Dangerous heat pushes AccuWeather RealFeel® Temperatures to 100-110 F in the Northeast
By Adriana Navarro, AccuWeather staff writer
July 22, 2019, 10:50:02 AM EDT
Heat has already been blamed for the deaths of at least four people, as well as causing more than 100 residents to evacuate a senior center in New Jersey after air conditioning failed. More lives are in jeopardy with heat advisories stretching from eastern Maryland to eastern North Carolina on Monday.
A woman lost consciousness and died while on a hike in Montgomery County, Maryland Saturday, the Associated Press reported.
More than 50,000 Con Edison customers lost power on Sunday in New York City, which drew the ire of New York Gov. Andrew Cuomo.
"We've been through this situation [with] ConEd time & again & they should have been better prepared—period," Cuomo said on Twitter. He said he was deploying 200 state police officers, 100 generators and 50 light towers to help those affected by the outages.
Most of the outages occurred in Brooklyn. By Monday morning, more than 30,000 customers had been restored, the utility said on Twitter and the remaining outages were expected to be resolved by Monday afternoon.
More than 100 residents were evacuated to a local high school shortly after 3 p.m. EDT on Sunday from a senior center in New Jersey after the building lost power and air conditioning during the extreme heat wave. No injuries have been reported, according to WPVI-TV.
Before the weekend began, the mayors of Boston, New York City, Philadelphia and Washington, D.C., declared heat emergencies, and both New York City and Baltimore issued Code Red Extreme Heat Alerts. The heat emergencies are expected to end on Monday.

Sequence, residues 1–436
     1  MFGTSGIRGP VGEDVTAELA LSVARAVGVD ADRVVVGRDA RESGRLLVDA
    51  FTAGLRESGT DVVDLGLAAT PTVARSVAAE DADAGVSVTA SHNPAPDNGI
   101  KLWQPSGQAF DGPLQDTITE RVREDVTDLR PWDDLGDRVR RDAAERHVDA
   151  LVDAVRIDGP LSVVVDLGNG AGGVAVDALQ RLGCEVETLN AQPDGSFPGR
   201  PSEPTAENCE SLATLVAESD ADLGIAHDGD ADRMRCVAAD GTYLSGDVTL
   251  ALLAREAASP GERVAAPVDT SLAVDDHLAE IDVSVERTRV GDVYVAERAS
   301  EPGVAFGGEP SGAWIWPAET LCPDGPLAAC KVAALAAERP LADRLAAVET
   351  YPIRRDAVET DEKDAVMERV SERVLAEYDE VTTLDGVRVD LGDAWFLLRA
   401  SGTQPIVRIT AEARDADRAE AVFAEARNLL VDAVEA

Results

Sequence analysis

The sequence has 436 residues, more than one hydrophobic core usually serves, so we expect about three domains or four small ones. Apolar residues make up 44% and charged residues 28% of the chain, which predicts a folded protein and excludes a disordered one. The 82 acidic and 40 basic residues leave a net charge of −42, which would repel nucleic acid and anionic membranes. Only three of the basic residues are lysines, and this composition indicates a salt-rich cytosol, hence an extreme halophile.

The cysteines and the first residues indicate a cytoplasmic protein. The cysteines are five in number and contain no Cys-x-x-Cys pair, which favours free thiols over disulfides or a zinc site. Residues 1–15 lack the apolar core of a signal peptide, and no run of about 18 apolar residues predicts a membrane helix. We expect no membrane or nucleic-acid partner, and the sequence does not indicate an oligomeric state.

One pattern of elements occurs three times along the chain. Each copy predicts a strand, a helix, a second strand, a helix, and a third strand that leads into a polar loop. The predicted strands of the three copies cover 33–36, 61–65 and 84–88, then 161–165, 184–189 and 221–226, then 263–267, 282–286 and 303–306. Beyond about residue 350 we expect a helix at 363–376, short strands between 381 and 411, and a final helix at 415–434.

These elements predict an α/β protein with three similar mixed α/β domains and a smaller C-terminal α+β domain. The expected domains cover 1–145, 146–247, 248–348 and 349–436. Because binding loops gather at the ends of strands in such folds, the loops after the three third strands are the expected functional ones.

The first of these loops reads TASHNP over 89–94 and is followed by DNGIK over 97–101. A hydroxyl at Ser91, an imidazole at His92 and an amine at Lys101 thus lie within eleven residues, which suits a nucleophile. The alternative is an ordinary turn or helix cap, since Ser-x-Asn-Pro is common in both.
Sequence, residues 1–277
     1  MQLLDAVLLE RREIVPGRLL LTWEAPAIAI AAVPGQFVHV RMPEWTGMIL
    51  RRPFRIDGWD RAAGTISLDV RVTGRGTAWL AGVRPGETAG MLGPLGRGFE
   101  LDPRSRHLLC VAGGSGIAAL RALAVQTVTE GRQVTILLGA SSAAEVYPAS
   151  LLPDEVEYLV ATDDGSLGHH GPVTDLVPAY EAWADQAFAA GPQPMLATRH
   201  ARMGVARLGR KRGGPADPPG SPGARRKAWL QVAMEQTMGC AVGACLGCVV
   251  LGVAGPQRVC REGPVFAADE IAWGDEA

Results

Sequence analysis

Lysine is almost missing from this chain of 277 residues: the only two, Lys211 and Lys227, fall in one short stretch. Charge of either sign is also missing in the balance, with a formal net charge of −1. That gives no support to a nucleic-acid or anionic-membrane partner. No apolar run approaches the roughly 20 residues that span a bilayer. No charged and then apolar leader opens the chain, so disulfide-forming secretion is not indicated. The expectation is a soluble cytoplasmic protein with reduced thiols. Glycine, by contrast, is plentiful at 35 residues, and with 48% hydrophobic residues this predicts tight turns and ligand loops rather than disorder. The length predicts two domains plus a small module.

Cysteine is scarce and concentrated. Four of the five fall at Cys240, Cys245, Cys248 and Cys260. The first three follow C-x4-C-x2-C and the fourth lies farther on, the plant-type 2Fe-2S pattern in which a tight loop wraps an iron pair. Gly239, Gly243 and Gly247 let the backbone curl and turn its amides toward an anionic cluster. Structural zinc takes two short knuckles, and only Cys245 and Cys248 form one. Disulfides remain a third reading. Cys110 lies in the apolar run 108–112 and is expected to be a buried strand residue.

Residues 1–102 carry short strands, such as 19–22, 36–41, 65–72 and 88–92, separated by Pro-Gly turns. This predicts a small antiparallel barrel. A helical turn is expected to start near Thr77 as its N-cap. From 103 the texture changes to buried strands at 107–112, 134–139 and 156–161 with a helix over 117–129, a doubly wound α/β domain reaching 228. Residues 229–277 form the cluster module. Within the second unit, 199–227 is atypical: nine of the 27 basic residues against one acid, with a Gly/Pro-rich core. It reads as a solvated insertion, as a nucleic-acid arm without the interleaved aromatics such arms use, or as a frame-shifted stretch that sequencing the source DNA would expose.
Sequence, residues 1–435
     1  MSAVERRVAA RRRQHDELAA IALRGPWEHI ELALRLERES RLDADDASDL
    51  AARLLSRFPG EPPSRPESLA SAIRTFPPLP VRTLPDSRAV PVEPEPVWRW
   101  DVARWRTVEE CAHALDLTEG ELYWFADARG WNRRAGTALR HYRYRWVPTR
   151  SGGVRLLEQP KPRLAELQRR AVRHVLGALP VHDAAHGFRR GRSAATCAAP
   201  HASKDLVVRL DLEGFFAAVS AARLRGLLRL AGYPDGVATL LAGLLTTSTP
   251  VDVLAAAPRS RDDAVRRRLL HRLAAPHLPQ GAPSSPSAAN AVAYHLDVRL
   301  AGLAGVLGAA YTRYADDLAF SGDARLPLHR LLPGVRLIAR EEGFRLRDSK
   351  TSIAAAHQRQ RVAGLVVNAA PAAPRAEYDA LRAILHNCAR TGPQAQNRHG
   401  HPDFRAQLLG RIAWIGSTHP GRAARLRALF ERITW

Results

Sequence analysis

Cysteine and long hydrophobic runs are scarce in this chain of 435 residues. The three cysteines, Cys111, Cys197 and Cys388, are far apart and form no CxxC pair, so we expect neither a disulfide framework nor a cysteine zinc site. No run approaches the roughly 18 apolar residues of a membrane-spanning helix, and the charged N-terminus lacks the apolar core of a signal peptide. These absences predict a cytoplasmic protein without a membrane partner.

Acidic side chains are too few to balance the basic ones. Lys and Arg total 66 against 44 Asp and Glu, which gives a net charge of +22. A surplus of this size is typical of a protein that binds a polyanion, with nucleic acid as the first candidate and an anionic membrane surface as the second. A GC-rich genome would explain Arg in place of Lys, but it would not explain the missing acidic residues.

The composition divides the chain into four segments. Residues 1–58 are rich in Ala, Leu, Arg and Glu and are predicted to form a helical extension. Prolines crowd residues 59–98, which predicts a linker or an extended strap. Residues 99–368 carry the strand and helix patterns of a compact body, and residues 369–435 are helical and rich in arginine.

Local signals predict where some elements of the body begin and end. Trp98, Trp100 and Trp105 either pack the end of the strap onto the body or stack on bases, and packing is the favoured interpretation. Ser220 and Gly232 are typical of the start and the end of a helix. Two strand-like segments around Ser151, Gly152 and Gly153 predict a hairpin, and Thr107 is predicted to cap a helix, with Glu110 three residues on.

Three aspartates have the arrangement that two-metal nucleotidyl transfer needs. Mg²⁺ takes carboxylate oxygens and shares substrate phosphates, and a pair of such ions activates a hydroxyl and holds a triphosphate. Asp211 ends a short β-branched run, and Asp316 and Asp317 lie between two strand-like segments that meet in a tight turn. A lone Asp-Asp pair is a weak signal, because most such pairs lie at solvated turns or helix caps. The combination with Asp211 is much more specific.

"The temperatures we're seeing in our city [this weekend] could be the highest we've seen in years. Take it seriously," New York City Mayor Bill de Blasio urged his city in Twitter post Saturday afternoon.
Heat emergencies typically involve the opening of cooling centers and the extension of public swimming pool hour, and cities often implement special measures to keep residents safe.
Police in Braintree, Massachusetts, asked people to hold off on committing crimes until after the heat wave passes.
“Folks. Due to the extreme heat, we are asking anyone thinking of doing criminal activity to hold off until Monday,” the department wrote in a Facebook post on Friday. The post has gained more than 130,000 shares since Friday.
The sentiments were echoed by the Pelham Police Department in New Hampshire.
"Due to the extreme heat, the Pelham Police Department is officially canceling (sic) all criminal activity for today. It is just too hot to be outside committing crimes. We are asking all aspiring criminals, seasoned veterans, and those who find themselves committing crimes out of boredom, to please stay indoors," the department wrote in a Facebook post late Friday afternoon.
Several locations across the mid-Atlantic reached the 100 F degree mark on Sunday, with several more locations falling a degree short.
The AccuWeather RealFeel® Temperature at the nearby airport in Nashua, New Hampshire, reached the century mark for the third consecutive day on Sunday.
Widespread triple-digit AccuWeather RealFeel® Temperatures created dangerous conditions for residents and visitors across the mid-Atlantic, including at all of the major cities along the I-95 corridor, before noon EDT on Sunday.
"The actual high of 100 F in Baltimore on Saturday was the city's first triple-digit reading since July 25, 2016," according to AccuWeather Senior Meteorologist Kristina Pydynowski.
"While the heat has been extreme during the daylight hours, the nights have offered no relief," she added.
The "low" temperature in Boston on Sunday morning sat at 83 F. For comparison, the average high for the day is 82 F.
Bradley International Airport in Windsor Locks, Connecticut, reached 100 by 2 p.m. EDT on Sunday. This ended up being the high temperature for the day, falling short of breaking the record high of 101 F for July 21 set back in 1991.